One city eyesore down — and many more to go.
Wearing a pink hard hat and matching rubber boots, Mayor Erin Stewart had no qualms about getting her hands dirty Friday morning. Perched in the cab of an Associated Building Wreckers hydraulic excavator, she took the first few passes at knocking down a blighted house at 474 Arch St.
“It was easy,” Stewart said after hopping out of the giant bucket loader. “It’s like playing a video game.”
New Britain has no development plans for the property, which is across the street from the Food Bag market and slopes down from Arch Street to Rockwell Avenue. City officials say the property will go up for sale to potential developers.
The 2,520-square-foot, three-family building, built in 1900, had been the scene of several fires and much police activity over the years. The City of New Britain owns the foreclosed property, which has an assessed value of $20,930. The property occupies 0.13 acres.
“Taking down this eyesore is another step toward revitalizing our city,” Stewart said. “There was no saving this building. We have wanted to do this now for a year; now that we have the funding [from the Department of Municipal Development]. The building was actually collapsing from the inside.”
Stewart acknowledged the building had been “a crime spot.”
Demolishing it, she said, “is a step toward beautifying the Arch Street area.”
Margaret Malinowksi, neighborhood preseveration program administrator for the city’s Department of Municipal Development, said a similar property at 574 Arch St. and another on East Street will soon be coming down.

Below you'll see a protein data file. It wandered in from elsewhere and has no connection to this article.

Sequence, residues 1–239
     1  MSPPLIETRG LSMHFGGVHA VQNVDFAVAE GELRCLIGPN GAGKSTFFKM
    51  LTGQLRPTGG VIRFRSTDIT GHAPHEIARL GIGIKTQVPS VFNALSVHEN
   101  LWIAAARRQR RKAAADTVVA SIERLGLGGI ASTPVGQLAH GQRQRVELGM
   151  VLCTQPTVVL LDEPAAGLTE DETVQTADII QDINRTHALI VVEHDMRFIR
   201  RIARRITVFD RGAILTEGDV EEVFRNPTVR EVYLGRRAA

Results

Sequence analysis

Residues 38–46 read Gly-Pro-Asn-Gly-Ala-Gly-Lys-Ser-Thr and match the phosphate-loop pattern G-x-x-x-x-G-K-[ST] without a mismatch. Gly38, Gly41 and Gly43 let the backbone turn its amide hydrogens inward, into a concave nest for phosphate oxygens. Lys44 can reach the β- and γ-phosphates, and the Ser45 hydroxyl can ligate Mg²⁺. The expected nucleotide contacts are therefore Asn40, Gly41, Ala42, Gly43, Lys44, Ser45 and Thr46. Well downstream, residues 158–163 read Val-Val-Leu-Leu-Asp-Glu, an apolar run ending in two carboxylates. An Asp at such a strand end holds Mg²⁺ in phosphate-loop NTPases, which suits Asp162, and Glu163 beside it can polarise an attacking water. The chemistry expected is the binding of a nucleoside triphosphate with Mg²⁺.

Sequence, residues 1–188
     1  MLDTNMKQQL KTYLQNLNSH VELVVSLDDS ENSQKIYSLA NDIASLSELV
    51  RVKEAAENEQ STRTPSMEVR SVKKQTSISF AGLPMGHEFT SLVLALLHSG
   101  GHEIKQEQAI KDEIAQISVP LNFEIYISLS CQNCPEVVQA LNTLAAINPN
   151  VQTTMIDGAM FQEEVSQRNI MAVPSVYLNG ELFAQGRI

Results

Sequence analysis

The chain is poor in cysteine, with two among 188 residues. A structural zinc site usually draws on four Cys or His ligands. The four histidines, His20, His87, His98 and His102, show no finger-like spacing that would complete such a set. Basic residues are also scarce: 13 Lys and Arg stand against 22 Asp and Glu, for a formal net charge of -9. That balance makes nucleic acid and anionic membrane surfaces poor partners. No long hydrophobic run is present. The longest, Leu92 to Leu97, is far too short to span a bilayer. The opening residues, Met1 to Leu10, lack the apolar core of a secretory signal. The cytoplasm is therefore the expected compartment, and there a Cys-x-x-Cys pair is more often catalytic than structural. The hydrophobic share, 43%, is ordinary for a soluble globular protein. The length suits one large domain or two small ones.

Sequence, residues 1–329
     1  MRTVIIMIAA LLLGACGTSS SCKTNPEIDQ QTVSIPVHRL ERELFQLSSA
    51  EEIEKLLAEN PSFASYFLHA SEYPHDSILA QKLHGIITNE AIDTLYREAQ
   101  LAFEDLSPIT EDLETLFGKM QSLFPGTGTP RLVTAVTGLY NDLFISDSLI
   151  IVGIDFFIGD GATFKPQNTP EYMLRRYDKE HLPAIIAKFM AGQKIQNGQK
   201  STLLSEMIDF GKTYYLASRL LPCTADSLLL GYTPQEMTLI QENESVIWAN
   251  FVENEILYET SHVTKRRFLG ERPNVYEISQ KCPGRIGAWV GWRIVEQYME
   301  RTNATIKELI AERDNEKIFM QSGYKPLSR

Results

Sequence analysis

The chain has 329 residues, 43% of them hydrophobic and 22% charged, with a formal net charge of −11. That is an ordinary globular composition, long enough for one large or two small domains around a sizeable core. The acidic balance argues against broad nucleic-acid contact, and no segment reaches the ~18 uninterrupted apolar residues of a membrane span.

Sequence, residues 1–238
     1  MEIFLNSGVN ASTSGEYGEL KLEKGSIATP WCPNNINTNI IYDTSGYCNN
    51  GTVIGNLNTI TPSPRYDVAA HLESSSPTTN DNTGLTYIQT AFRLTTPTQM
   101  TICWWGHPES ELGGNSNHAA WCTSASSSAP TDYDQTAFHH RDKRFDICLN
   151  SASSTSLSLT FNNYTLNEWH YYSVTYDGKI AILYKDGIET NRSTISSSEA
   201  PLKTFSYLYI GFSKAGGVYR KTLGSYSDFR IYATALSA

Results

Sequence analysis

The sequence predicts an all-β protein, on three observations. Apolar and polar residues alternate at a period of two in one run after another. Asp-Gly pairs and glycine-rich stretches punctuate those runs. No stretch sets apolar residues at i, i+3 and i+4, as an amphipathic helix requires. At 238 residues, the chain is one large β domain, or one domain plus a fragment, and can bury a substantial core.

“The city was not collecting taxes here [at 474 Arch],” Malinowski said. “The building wasn’t worth rehabbing. The drop [from Arch Street] is so high it’s dangerous.”
Sergio Lupo, director of Licenses, Permits and Inspections, said that the city blight ordinance under Mayor Stewart has been “pretty effective in terms of blighted properties.”
Lupo said the ordinance allows the city to respond quickly, set fines and allows property owners to appeal if an extension is needed.
“Some of our neighborhoods have been plagued by blight for some time and absentee property owners,” Lupo said.
He said the Department of Licenses, Permits and Inspections in the Health Department has the authority to demolish a building depending on the condition of the building and if presents a clear health danger, is structurally unsafe and may collapse.
The property owner has ten days to remedy any violation. If, after the ten days, the violation has not been remedied, the city will remedy the situation and place a lien on the property for the cost of the remedy. The case is then sent for collection.
Mayor Stewart has stressed that the blighted properties program will not make money for the city. However, it should result in “a clean city.”